You can replicate most of the functionality (if not the ease of use) of LC5 with Open Source. For capturing hashes from remote registries, use pwdump3. Once you've got the hashes, feed them into John the Ripper to crack them. If you prefer, you can also use Rainbow Crack to recover the passwords more quickly, although this requires substantial pre-computation and a lot of storage space.

I've managed to get all of the above running under Linux. John and Rainbow Crack are native Unix applications (windows versions also exist), and pwdump3 is simple enough to run well under Wine.

Monday, December 13, 2004

Which nmap scan options are right for you?

skill2die4 has just published a blog thread entitledNMAP - Learn its strength. He's trying out all the different types of scans to see firsthand which are best for various circumstances. It's quite an interesting read.

Tuesday, November 23, 2004

Anti-spyware products go head-to-head

Want to know how well your anti-spyware software does against a collection of some of the nastiest spyware out there? Eric Howes wanted to know, so he tested a bunch of them. His comprehensive report is here. Consider this mandatory reading, though I wish he had done a little more analysis of the results.

Monday, November 08, 2004

Pen Testing Explained

Ever wondered just what a penetration test is, or how it is performed? Wonder no more. Infosec Writers has posted an interesting presentation by Debasis Mohanty entitled Demystifying Penetration Testing. This is really well done, and I highly recommend it.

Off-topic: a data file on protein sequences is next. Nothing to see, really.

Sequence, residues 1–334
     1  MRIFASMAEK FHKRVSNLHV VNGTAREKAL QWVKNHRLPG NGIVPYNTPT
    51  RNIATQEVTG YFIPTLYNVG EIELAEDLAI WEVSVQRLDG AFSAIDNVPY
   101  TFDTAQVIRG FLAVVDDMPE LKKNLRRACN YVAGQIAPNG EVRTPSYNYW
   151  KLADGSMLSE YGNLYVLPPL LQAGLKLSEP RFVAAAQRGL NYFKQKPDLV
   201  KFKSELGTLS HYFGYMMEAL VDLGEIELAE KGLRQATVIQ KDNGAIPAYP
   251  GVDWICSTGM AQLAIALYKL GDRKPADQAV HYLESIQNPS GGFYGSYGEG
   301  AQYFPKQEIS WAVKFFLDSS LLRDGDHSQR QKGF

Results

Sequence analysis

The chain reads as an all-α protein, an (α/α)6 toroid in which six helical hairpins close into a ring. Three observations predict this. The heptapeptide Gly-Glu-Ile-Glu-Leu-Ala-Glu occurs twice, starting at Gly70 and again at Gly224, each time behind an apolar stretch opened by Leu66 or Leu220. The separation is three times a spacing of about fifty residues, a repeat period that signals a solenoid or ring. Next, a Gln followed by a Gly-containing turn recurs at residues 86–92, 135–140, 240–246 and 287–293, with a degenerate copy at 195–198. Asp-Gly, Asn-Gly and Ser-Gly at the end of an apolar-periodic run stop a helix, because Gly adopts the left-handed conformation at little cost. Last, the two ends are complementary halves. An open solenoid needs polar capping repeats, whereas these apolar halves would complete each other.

Monday, November 01, 2004

Oxford Suspends Two Over "Hacking"

I've commented on this story before, but SecurityFocus.com is reporting that Oxford University has suspended two students for "hacking" their network, then publishing the results in the school paper. The students claim they did it to point out the school's lousy security, but that's a weak excuse at best. They violated the policy without permission, and got busted. Score one for the Oxford IT department.

Sobig Author Identified?

A year after the big virus bounty was announced, authorities still have yet to make an arrest in the Sobig case. One group of anonymous forensic programmers has released an exhaustive analysis of the code and related factors. Their research even leads them to name a specific individual. I don't know if their conclusions are correct or not, but the paper showcases an amazing investigative effort. It's well worth reading.

Thursday, October 28, 2004

Kismet 2004-10-R1 Released